To claim, though, that this year’s Presidents Cup – not the one played two years ago nor the one that will be played two years from now – will serve as the tipping point when it comes to credibility is awfully nearsighted.

The fact is, whether the United States wins in dominant fashion once again or the Internationals finally produce a successful encore to 1998, the event will still be played and will still garner similar interest.

What we can all agree upon, of course, is that a closely contested match is more beneficial to all parties than another blowout.

“I think all of us who have been involved in the Presidents Cup know how important this one is,” said International captain Nick Price. “I wouldn't say it's a must-win. That's a hard thing to put on anyone. But this one needs to be competitive. I think more important than anything else, this Presidents Cup needs to be very competitive, because in the past, the last four Presidents Cups, you can argue either way, but I honestly believe they have not been that competitive.”

Wise words from a wise man.

It doesn’t matter if it’s the Super Bowl or Game 7 of the NBA Finals or the Presidents Cup. A down-to-the-wire nail-biter will do more for the future of any of those competitions than a one-sided vanquishing.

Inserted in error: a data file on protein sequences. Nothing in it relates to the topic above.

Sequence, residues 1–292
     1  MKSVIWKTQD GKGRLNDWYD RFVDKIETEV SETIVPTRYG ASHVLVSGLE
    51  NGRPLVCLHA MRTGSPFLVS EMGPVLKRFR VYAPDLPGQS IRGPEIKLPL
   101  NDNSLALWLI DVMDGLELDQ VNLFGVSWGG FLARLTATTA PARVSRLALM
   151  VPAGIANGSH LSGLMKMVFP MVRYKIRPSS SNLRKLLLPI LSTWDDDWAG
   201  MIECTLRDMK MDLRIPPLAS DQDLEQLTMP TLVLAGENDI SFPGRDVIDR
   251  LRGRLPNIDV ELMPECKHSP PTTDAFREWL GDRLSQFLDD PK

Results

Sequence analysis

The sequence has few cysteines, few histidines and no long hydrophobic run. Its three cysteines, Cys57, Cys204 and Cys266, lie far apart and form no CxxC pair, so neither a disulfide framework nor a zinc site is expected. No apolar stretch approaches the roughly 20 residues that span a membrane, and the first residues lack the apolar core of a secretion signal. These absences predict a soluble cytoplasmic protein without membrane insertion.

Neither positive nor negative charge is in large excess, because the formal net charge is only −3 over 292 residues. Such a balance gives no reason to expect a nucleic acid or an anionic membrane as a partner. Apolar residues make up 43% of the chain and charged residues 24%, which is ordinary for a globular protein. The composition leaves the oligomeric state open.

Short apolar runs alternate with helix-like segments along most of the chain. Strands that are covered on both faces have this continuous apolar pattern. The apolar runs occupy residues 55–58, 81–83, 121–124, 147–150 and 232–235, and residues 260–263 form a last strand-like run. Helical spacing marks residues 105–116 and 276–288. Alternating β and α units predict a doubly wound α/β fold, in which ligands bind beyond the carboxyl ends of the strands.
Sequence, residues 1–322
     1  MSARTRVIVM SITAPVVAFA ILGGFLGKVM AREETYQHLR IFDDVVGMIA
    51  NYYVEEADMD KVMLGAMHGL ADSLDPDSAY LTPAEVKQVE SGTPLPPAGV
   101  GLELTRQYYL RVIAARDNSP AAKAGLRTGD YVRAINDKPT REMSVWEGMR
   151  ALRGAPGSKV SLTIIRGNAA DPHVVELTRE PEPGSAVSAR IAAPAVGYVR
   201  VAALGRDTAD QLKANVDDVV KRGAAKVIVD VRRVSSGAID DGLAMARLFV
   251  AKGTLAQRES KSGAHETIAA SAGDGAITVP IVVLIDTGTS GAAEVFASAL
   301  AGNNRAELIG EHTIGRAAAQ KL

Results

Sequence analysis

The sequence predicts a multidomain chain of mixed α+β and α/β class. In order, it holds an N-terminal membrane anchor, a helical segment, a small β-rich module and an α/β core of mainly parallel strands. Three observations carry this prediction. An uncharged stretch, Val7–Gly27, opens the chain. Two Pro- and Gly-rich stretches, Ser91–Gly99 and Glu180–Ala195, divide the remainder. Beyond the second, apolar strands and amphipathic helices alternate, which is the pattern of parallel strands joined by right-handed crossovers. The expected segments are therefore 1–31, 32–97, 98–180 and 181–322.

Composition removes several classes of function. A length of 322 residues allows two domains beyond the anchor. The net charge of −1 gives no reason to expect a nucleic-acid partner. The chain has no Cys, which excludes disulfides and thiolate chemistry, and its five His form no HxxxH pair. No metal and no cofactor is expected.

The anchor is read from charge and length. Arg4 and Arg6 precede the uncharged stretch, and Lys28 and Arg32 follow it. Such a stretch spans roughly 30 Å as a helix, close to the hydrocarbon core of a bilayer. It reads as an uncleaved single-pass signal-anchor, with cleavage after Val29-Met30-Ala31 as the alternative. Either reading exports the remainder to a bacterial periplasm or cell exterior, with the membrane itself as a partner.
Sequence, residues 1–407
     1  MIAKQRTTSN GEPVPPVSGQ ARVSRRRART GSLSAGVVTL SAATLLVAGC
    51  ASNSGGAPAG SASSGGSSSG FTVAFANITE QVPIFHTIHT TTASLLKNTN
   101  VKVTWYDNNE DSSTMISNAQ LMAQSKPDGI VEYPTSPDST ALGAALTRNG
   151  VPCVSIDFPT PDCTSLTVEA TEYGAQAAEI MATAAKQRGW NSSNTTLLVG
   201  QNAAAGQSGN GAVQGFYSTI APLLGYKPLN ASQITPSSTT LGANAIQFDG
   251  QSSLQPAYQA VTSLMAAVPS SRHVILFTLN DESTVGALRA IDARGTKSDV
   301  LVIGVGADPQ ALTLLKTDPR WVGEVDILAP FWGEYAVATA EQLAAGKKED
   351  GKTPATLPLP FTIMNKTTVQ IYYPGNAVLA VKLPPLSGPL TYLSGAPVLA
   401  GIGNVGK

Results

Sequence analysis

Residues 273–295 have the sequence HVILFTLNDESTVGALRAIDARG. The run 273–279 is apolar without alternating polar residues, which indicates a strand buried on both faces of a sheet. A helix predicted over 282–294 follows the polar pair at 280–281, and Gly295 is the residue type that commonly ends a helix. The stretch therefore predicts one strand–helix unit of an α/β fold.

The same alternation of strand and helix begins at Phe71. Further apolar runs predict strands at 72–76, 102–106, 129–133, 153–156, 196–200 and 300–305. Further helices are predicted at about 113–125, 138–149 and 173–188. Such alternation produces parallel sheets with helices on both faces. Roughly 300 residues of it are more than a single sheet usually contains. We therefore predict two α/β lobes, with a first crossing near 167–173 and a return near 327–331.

Maybe that will finally happen at Muirfield Village this week. This event doesn’t “need” it in order to retain self-sustenance for another two years, but it sure wouldn’t hurt.

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Hadwin returns to site of last year's 59

By Will GrayJanuary 17, 2018, 11:04 pm

Adam Hadwin had a career season last year, one that included shooting a 59 and winning a PGA Tour event. But those two achievements didn't occur in the same week.

While Hadwin's breakthrough victory came at the Valspar Championship in March, it was at the CareerBuilder Challenge in January when he first made headlines with a third-round 59 at La Quinta Country Club. Hadwin took a lead into the final round as a result, but he ultimately couldn't keep pace with Hudson Swafford.

He went on to earn a spot at the Tour Championship, and Hadwin made his first career Presidents Cup appearance in October. Now the Canadian returns to Palm Springs, eager to improve on last year's result and hoping to earn a spot in the final group for a third straight year after a T-6 finish in 2016.

"A lot of good memories here in the desert," Hadwin told reporters. "I feel very comfortable here, very at home. Lots of Canadians, so it's always fun to play well in front of those crowds and hopefully looking forward to another good week."